Red wine protects men against prostate cancer

A new research has discovered that men who drink an average of four to seven glasses of red wine per week are only 52% likely to have prostate cancer compared with those who do not drink red wine at all. This finding is published in the June 2007 issue of Harvard Men’s Health Watch. Furthermore, red wine is also found to particularly protect the body against advanced or aggressive cancers.

The research collected various information about many factors that might influence the risk of prostate cancer in men between ages 40 and 64. One of the factors involved is alcohol consumption. Initially, the results for alcohol consumption are quite similar to the many findings of many studies done previously: There was no relationship between overall consumption and risk of prostate cancer.

However, scientists didn’t stop there. They evaluated each type of alcoholic beverage independently. And then the surprise came in. Wine drinking was linked to a reduced risk of prostate cancer. White wine was also tested and was compared with red. The findings reveal that red wine is much better in protecting the prostate against cancer. Drinking even low amounts appeared to help, and for every glass of red wine added per week, the relative risk declined by 6%.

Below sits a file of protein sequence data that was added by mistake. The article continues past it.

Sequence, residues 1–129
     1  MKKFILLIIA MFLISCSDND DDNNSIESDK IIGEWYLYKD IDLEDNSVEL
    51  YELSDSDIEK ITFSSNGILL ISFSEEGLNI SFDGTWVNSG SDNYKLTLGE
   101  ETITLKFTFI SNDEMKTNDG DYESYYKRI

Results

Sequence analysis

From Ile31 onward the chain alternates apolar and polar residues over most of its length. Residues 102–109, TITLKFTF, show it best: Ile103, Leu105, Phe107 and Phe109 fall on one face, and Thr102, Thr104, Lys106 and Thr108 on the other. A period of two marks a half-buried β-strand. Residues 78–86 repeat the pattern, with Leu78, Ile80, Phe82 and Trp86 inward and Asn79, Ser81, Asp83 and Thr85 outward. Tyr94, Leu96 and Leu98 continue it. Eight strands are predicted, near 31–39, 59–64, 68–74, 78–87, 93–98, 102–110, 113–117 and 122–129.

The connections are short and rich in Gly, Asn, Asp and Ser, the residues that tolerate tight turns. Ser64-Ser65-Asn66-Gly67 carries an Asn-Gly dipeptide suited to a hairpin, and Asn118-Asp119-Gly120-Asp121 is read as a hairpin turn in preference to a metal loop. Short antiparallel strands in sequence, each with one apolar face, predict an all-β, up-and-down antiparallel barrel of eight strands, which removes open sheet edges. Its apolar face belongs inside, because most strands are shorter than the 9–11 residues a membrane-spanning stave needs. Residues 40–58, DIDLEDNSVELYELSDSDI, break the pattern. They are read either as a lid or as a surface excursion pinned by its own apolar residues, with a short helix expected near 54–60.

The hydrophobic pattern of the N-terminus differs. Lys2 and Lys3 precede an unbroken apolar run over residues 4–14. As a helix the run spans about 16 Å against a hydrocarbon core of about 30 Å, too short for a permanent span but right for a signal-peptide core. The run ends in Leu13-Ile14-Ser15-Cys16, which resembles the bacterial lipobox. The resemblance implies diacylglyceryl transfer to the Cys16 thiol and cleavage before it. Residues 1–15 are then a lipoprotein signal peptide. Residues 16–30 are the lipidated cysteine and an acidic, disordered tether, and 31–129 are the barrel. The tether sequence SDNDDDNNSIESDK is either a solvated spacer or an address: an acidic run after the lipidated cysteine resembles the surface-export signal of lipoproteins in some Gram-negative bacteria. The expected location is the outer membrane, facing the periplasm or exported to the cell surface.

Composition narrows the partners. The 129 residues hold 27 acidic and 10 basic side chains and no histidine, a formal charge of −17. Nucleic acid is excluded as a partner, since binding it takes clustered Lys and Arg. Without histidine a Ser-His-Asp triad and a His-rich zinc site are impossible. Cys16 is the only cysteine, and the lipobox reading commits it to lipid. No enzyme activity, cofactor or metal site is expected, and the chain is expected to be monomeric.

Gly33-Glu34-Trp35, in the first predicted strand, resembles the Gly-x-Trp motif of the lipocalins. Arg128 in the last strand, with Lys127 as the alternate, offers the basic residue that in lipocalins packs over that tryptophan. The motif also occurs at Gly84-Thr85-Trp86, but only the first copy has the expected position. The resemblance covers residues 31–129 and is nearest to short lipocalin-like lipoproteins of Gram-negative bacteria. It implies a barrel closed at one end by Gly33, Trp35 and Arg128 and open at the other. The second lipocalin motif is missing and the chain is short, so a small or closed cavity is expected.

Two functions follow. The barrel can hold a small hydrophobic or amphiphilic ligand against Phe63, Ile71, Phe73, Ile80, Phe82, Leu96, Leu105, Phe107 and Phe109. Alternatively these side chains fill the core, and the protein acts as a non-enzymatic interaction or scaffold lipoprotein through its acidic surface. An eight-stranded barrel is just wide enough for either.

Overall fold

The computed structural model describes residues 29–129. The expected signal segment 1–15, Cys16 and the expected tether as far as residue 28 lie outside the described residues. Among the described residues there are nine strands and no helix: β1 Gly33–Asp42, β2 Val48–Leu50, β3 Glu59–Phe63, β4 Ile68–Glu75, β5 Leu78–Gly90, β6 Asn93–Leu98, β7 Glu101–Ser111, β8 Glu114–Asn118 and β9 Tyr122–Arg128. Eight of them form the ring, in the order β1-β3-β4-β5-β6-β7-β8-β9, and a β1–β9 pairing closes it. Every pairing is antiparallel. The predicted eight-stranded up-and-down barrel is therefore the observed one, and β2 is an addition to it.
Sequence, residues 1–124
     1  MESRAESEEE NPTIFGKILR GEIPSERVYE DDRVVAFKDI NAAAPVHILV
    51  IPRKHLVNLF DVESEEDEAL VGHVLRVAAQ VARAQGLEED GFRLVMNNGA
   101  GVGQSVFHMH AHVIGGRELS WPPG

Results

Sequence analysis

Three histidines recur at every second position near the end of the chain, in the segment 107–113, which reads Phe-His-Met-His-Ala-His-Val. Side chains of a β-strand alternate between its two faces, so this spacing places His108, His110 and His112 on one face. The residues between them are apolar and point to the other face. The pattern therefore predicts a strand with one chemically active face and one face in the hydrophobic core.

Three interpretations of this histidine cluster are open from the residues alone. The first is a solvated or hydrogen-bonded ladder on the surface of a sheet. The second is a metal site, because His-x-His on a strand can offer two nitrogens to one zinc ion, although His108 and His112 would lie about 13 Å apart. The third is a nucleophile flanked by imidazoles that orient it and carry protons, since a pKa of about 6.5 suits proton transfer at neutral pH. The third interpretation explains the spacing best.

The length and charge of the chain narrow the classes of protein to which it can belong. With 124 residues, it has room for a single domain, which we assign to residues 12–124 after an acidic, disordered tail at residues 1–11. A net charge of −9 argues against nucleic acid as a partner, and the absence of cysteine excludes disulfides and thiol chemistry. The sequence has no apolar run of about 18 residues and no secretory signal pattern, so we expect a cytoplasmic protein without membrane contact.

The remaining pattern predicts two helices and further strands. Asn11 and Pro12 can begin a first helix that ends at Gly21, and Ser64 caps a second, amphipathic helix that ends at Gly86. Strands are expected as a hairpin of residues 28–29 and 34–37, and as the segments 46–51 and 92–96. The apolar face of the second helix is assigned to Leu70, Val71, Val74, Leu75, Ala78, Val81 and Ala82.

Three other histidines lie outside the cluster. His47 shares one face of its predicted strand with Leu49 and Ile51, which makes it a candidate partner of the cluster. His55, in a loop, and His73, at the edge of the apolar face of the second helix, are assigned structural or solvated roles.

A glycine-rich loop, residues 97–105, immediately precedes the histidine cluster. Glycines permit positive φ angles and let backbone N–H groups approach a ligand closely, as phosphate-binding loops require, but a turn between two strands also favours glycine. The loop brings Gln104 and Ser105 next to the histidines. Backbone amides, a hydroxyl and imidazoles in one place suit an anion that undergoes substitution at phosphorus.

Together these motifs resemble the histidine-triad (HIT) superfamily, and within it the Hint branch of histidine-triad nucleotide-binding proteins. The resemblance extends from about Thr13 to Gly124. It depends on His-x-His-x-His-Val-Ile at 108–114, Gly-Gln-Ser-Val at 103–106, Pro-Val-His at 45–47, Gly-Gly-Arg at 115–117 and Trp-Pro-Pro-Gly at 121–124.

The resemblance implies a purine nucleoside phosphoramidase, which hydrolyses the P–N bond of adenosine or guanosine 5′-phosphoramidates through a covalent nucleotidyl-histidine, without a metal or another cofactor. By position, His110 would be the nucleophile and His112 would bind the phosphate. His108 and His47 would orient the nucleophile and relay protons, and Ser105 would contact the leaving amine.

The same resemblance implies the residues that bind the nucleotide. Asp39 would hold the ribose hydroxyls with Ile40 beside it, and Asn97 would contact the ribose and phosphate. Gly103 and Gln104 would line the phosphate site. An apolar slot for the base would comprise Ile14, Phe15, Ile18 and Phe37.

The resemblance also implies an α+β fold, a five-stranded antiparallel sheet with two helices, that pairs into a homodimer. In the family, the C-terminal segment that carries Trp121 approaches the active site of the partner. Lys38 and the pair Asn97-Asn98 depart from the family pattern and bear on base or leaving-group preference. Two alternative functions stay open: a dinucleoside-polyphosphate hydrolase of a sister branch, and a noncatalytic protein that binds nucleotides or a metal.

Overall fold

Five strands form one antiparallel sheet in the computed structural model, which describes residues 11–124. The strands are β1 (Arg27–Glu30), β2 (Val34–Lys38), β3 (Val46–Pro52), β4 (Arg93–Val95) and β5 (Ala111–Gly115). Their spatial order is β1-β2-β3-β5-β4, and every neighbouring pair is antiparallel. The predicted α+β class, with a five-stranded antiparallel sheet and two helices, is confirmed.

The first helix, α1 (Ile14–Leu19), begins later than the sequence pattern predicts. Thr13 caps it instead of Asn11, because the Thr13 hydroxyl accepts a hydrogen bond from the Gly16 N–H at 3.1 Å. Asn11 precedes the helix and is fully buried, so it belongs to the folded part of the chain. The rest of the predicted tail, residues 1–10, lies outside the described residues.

Doctors are still perplexed about the findings. They don’t have an exact scientific explanation as to why red wine gives such benefit. However, much of the speculation focuses on chemicals such as various flavonoids and resveratrol which are found in red wine but are missing in other alcoholic beverages. These chemicals are considered antioxidants and some appear to counterbalance androgens, the male hormones that stimulate the prostate.

The Harvard Men’s Health Watch notes that men who enjoy alcohol and can drink in moderation may benefit from a lower risk of heart attack, stroke, diabetes, and cardiac death.

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